Permanent Record

Permanent Record by Edward Snowden

My rating: 5 of 5 stars

Mass Surveillance.

What was once a whisper of conspiracy or the subject of a blockbuster movie was revealed to be merely a shadow of the real world we live in. Global Surveillance had become the real world reality.
We see very early on how Snowden was hooked from his first experience with a computer as a child, his technological inclination was apparent. Being from a military family, it seemed only natural for him to follow in their footsteps. One would think that a straight entry into Military IT would be the first option he would jump for, but despite his Destiny being foreshadowed, life isn’t always so straightforward.

After struggling through school, Snowden enlisted in the Army and went through Bootcamp; it was here that he sustained an injury which was bad enough to have him leave. After the rough period of feeling like a ‘reject’, he picked himself up and eventually returned to the Army as a System Administrator. Despite not having completed the course of his education, the events of 9/11 meant that the Government needed to pivot itself to face the new challenges they faced. The world had changed, and they needed the children of the future to steer them through it. Snowden was hired by the NSA (though as a Contractor) with little difficulty. His Destiny had finally caught up with him.

Being a System Administrator means that you have both the overview and visibility of pretty much the entire Computer Systems, Data and Network. If there was a clearance level that existed, he had to have it to do his job. He was perfectly placed to satisfy his own curiously, ironically, what he found did not satisfy him.

Snowden had the skills the NSA wanted, the had the aptitude and capability to bring the Agency into a new era. As such he rose quickly and his hard work landed him roles across the world, including Switzerland, Japan and eventually Hawaii.

Over his time at the NSA, Snowden began to see that the Agency was lying to the Government as to its actions and capabilities. People were being spied on at a level unprecedented in human history. Despite his subtle attempts to point this out to colleagues, he was met with an indifferent response. Thankfully for us, this was not enough for Snowden, he could not sit quietly while he saw what he knew was injustice and transgression, he could not be a part of a system that was carrying out unheard of levels of surveillance against the world. He realised that his loyalty was expected to be towards the NSA, not to the country he had signed up to serve. Knowing that going through the ‘Chain of Command’ would only stifle his protest and bring potential danger to himself, he made the choice to show the American people and the world what was happening around, and to, them.

After ingeniously copying the files to some ‘off the grid’ machines, he then transferred them to SD Cards in order to remove them from the building. Reading how he done this was riveting, I could feel some of the unbelievable tension he must have felt. Leaking a single PDF document would have earned him up to a decade in prison, so how about the hundreds he was actively copying for that very purpose? He knew himself to be working for an Agency that deemed itself above the law, who knows what might have happened to him had he been caught?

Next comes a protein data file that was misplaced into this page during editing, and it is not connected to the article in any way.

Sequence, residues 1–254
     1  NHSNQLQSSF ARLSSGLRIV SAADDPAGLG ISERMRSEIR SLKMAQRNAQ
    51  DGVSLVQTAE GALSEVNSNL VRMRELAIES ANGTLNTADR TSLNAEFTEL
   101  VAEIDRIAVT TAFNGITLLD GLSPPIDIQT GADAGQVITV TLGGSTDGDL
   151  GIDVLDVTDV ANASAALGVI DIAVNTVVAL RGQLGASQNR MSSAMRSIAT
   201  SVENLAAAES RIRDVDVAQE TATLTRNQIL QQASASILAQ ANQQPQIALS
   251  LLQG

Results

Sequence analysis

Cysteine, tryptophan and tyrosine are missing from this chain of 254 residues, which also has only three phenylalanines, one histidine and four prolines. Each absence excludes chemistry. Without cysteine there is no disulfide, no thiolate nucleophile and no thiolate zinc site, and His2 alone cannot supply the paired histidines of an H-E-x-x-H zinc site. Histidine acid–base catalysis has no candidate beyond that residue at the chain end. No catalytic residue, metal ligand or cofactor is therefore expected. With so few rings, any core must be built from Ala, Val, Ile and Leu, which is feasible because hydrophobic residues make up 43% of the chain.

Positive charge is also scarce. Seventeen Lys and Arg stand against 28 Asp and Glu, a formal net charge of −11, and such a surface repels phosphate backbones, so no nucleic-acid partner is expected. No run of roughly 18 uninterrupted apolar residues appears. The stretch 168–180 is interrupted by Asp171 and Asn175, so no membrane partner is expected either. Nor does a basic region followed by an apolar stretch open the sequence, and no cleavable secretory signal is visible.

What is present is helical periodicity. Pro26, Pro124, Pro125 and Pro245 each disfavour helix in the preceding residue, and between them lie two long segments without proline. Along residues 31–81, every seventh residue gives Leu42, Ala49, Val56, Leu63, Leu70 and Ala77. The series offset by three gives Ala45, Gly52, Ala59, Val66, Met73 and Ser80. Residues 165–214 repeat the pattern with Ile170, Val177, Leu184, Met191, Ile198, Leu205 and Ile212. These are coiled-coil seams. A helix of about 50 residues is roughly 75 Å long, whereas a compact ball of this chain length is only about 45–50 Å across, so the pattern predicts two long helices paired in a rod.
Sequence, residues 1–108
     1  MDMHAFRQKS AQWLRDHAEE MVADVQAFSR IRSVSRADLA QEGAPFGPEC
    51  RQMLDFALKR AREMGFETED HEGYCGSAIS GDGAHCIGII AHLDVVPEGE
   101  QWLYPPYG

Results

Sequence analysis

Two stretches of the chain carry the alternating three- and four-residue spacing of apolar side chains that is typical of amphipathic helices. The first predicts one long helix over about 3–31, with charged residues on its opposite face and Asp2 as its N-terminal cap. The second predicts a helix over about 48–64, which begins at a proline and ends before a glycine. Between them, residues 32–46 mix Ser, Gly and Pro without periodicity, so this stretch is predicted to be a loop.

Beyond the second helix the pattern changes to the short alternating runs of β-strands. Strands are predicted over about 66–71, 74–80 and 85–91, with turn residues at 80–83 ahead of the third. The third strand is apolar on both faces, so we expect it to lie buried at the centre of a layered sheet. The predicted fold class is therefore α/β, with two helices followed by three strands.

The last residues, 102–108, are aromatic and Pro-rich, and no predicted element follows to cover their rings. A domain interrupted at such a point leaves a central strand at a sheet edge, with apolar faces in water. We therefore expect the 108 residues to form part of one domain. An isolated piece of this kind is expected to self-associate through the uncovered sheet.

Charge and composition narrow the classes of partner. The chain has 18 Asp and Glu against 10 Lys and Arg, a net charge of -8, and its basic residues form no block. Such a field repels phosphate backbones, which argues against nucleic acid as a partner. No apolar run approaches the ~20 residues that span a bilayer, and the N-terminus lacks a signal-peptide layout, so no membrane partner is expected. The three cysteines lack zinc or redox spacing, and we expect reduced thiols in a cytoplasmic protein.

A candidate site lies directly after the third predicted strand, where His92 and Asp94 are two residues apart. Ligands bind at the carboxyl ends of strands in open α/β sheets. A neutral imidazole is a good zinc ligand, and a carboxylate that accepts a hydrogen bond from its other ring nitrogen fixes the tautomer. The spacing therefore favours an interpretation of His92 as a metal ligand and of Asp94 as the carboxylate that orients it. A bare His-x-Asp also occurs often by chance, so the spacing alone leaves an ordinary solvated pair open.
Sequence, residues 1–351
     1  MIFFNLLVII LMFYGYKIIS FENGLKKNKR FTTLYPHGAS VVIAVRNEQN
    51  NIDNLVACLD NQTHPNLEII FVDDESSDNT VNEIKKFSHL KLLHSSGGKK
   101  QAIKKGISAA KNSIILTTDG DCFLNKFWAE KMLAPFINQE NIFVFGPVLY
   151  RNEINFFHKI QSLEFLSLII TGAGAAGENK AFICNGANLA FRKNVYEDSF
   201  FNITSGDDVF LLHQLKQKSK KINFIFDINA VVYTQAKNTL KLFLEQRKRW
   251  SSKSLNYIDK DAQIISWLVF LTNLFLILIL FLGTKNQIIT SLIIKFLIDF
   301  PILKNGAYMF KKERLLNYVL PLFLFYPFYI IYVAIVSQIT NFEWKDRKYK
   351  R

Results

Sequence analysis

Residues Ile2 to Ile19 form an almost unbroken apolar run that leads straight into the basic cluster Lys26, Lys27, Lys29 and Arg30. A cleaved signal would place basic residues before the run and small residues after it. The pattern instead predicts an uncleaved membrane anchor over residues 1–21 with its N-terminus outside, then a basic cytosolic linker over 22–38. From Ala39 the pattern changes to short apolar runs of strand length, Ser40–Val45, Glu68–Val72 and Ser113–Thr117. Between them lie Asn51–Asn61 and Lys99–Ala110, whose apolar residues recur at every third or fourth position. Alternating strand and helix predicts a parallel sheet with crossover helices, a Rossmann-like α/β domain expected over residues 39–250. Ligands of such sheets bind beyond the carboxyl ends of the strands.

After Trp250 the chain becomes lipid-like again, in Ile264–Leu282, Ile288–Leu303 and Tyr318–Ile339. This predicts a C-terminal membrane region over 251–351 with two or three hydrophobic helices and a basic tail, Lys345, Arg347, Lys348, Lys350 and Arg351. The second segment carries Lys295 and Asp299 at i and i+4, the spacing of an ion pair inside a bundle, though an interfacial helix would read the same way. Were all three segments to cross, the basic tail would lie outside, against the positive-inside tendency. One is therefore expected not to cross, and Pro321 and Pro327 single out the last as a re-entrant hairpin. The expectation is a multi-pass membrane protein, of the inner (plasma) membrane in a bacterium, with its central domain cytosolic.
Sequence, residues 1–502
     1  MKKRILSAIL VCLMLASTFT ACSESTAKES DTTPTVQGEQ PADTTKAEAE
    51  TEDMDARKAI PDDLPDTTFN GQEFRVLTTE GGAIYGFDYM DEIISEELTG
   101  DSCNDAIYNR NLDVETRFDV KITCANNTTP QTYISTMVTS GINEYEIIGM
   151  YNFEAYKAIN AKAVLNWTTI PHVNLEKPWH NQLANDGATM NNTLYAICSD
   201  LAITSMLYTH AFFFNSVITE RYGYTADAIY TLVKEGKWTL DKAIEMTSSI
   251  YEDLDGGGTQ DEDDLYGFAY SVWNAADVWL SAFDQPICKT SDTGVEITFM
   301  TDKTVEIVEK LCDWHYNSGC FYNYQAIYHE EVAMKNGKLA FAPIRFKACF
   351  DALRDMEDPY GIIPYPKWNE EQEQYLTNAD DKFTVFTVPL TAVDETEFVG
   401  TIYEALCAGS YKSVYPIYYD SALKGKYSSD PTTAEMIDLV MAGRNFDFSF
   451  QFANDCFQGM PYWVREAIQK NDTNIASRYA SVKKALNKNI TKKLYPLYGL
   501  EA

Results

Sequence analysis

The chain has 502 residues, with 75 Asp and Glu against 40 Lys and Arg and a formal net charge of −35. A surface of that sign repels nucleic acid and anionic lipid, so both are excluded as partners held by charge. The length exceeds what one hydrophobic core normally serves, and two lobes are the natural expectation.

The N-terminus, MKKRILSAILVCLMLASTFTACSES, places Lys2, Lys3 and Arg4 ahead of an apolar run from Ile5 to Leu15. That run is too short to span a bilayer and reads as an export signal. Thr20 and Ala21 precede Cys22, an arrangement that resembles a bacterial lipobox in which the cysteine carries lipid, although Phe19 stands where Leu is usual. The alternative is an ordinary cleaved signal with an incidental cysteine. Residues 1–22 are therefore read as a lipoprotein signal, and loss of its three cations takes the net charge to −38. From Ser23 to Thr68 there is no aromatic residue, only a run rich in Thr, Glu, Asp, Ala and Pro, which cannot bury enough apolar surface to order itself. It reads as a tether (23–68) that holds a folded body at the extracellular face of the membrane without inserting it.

Of all the things people say about Edward Snowden, it is undoubtable that we all share one thing in common. Whether you think of him as a Hero or a Traitor, he took on what he perceived to be injustice against his country, and against the entire world. He took on the greatest Superpower the world has thus far seen and from their underbelly too. All for what he believed was the greater good of the world. He risked literally everything, a job in Hawaii, large amounts of money, an easy life and blue skies for what he believed in. He could have easily turned his head to what he saw as injustice and furthered his own interests, indeed many of his colleagues did. He decided to stand up alone, not even confiding in his plans to his partner until she saw everything in the news so as to protect her.

Call him what you want, but a coward he is not.

What has happened since then? I used to think that the world simply endured a faux outrage and nothing happened, but this book was able to put things in a slightly more positive perspective. The fact that we are aware of the reality had led others to campaign for tougher privacy laws, and in that respect, much more has been done. While only a fool would believe that the problem has gone, we are moving towards a higher sense of awareness concerning our privacy, despite there being more people willingly giving their data away. The fight against unjust surveillance is not over, but to solve a problem, first you need to be aware that a problem exists.

The global conversation, though not as intense as it was at the apex of the leaks, continues today. Edward Snowden was simply the man who initiated the exchange.

Reading this book has given me a much deeper appreciation of the entire ordeal Snowden went through to show the world what was really going on. The real miracle here was that he did it successfully and has a somewhat resemblance of freedom. We must salute the sacrifice he made and move forward to make sure that innocent people have their right to privacy detected. He will no doubt go down in history for his actions, having made for himself a permanent record indeed in its pages.

That same history will be the judge as to his legacy.

Very well written book, and I highly recommend it.

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